International

China Currency Act Cheers Markets But Doubts Remain

Chinese yuan

A bookstore vendor counts Chinese yuan in Chengdu in Sichuan province, China on Monday, June 21, 2010. Anonymous/COLOR CHINA PHOTO hide caption

itoggle caption Anonymous/COLOR CHINA PHOTO

China's surprise move over the weekend to allow its currency to strengthen was cheered by world financial markets Monday despite the many uncertainties that remained about just how far the Chinese government would permit its currency to rise.

China's action had the immediate effect of boosting the yuan at the start of the work week to its highest level against the dollar in two years.

But there remained much skepticism about where it would end. A major tenet of China's economic policy has been to keep its currency relatively low, especially against the dollar, in order to keep its exports relatively high.

That strategy has allowed China to provide employment for millions of Chinese who otherwise might not have been working and to thereby keep a lid on social ferment in the nation.

Still, China's currency move was an improvement, at least in the eyes of officials in the U.S. and elsewhere, who have complained that by keeping the yuan artificially low, the Chinese were harming everyone else's competitiveness.

NPR's Jim Zarolli reported on the reaction to China's ostensibly new currency strategy on All Things Considered.

From his report:

JIM: Sam Stovall, chief investment strategist at Standard and Poor's, says the announcement this weekend that Beijing would let the yuan fluctuate somewhat should benefit American companies.

STOVALL: They would likely benefit from this, not necessarily because they could export more to China but rather that they would be able to be more competitive globally.

JIM: Stovall says the fact that China is willing to loosen its dollar peg is a mark of confidence in the world economy and stocks responded positively around the world today.

But as the afternoon wore on U.S. stocks fell as investors reassessed China's move. The move came days before the big meeting in Toronto of the G-20... the world's biggest economies.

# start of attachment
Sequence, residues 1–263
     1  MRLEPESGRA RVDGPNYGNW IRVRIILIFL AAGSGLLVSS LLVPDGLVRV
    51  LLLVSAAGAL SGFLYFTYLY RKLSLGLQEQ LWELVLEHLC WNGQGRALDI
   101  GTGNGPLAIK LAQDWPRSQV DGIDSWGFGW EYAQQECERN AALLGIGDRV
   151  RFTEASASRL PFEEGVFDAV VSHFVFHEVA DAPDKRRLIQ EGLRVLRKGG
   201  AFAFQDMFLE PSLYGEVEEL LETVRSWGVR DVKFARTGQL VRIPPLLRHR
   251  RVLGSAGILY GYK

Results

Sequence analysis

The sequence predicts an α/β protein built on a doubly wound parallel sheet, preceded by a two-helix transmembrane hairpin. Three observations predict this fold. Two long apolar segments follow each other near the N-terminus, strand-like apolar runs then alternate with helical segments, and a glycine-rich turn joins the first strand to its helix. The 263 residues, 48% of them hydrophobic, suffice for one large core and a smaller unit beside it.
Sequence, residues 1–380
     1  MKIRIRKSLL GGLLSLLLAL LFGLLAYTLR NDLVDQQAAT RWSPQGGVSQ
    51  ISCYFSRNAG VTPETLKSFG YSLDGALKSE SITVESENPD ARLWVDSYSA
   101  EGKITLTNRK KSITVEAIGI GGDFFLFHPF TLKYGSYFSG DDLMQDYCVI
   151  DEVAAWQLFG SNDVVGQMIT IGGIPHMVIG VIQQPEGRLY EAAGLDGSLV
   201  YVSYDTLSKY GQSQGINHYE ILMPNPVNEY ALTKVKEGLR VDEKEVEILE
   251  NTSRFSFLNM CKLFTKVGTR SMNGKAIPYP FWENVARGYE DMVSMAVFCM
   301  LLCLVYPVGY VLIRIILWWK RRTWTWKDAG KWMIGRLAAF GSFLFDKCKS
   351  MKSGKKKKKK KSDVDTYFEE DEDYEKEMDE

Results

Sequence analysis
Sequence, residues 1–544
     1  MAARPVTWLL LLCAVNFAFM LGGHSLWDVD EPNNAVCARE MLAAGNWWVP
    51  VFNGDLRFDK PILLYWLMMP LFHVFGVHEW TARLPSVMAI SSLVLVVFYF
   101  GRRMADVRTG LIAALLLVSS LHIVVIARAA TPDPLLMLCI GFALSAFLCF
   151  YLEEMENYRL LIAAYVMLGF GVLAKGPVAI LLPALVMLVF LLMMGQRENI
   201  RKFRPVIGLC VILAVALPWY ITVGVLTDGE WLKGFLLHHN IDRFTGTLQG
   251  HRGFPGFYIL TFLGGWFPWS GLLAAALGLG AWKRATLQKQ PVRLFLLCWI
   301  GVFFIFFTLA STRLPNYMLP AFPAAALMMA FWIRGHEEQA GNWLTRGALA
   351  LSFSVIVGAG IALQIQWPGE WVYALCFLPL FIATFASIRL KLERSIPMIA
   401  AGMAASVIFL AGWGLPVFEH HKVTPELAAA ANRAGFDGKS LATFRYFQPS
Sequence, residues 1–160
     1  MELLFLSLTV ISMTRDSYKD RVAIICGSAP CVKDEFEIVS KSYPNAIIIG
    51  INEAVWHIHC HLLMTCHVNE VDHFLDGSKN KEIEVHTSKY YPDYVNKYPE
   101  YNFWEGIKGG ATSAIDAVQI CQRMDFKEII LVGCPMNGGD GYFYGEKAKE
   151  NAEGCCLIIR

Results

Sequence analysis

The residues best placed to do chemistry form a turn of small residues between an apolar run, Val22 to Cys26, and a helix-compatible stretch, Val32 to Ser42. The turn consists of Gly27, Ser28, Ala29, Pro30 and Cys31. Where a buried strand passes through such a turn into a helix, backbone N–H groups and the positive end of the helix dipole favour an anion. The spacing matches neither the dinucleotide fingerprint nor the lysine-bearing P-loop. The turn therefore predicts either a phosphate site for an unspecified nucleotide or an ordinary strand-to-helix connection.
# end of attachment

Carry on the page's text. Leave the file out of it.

Eshwar Prasad, professor of economics, at Cornell says if nothing else, China's move has important symbolic value.

PRASAD: It will take the pressure off China in the sense that it will be very difficult for U.S. congressmen to move forward with legislation that is punitive against China because, after all, China has agreed to make its exchange rate more flexible.

JIM: But China gave few details about when the yuan would fluctuate and by how much. And there are those who say the move may not be as beneficial to U.S.  companies as it seems.

Prasad says instead of pegging its currency to the dollar, China will go back to what it did between 2005 and 2008. It will tie the yuan to a basket of currencies including the euro.

And since the euro has been losing so much value in recent weeks, Prasad says that could make the yuan weaker which would actually make Chinese products cheaper.

JIM: The fact is that by just talking about a basket of currencies, they have created room for themselves to allow the currency to move up or down. So it gives them a fair amount of wiggle room.

Since Bejing isn't very transparent about its economic decisions there's no way to tell for sure what its real intentions are and whether it plans to revalue its currency in any significant way.

The head of the Alliance for American Manufacturing issued a statement today saying: "I'll believe it when I see it." Still this weekend's announcement mollified China's trading partners at least temporarily and is likely to ease some of the tensions at this weekend's summit.

Comments

 

Please keep your community civil. All comments must follow the NPR.org Community rules and terms of use, and will be moderated prior to posting. NPR reserves the right to use the comments we receive, in whole or in part, and to use the commenter's name and location, in any medium. See also the Terms of Use, Privacy Policy and Community FAQ.